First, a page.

Managing Vulnerabilityand Boosting Productivity in Agriculture through Weather Risk Mapping: A Guide for Development Practitioners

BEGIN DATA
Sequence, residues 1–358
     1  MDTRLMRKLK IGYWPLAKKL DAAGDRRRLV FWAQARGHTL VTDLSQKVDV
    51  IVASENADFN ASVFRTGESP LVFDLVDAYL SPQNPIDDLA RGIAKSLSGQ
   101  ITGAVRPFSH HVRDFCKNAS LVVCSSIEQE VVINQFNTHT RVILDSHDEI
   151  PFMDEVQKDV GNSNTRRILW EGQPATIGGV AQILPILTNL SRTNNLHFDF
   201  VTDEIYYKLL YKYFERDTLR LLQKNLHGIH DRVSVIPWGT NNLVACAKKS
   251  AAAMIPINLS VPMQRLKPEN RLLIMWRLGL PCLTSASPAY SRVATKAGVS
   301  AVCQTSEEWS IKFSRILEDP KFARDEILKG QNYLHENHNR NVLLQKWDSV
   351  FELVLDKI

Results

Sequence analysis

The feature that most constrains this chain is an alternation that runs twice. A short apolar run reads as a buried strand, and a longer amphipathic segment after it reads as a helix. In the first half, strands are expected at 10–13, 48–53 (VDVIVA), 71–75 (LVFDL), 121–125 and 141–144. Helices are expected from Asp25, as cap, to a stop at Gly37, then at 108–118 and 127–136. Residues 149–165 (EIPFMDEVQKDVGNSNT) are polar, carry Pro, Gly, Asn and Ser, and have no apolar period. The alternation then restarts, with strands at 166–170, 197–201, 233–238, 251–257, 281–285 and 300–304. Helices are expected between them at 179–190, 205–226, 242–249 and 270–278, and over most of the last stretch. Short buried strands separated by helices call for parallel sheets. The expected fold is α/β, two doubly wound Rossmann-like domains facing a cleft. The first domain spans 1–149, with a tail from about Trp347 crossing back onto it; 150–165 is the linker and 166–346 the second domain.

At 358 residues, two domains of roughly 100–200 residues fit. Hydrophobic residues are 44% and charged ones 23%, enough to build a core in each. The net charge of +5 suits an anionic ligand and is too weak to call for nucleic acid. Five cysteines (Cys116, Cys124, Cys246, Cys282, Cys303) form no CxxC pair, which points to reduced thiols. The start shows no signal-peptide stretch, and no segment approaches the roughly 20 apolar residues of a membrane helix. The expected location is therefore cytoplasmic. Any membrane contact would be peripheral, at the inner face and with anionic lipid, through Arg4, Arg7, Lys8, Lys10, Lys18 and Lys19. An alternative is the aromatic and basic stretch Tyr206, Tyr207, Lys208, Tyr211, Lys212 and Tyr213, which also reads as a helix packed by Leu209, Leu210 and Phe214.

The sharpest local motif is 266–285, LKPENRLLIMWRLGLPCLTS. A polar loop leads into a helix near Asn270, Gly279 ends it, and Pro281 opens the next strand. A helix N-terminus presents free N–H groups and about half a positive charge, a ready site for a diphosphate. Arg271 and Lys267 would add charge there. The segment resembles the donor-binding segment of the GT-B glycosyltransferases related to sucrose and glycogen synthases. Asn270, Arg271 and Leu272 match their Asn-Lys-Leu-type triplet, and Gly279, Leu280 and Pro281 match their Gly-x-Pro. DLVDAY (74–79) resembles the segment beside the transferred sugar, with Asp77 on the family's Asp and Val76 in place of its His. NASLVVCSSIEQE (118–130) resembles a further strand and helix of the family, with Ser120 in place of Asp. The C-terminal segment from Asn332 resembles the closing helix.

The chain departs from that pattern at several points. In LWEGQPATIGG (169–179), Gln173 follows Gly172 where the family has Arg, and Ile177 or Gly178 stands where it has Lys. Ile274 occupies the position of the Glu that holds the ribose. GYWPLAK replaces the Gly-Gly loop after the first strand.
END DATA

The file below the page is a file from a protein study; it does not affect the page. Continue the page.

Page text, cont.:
Productivity in the agricultural sector is inherently dependent on weather, such as variations in rainfall and temperature. As a result, weather risk events can cause losses in yield and production that translate into economic losses for producers, as well as other sector stakeholders that depend on income from agricultural trade, transport, processing, or export. Extreme temperatures, floods, droughts, hailstorm, and windstorms are just a few examples of weather risk events that cause major economic losses. In developing countries, weather risk is especially signifi cant due to the importance of the agricultural sector in the overall economy and its contribution to household food security. Up to 90 percent of the population in many developing countries relies on agriculture for a living, since the sector is the primary source of income, employment, and food. Absent eff ective risk management strategies, weather shocks to agriculture in these countries have far-reaching eff ects on wellbeing, development, and poverty reduction.
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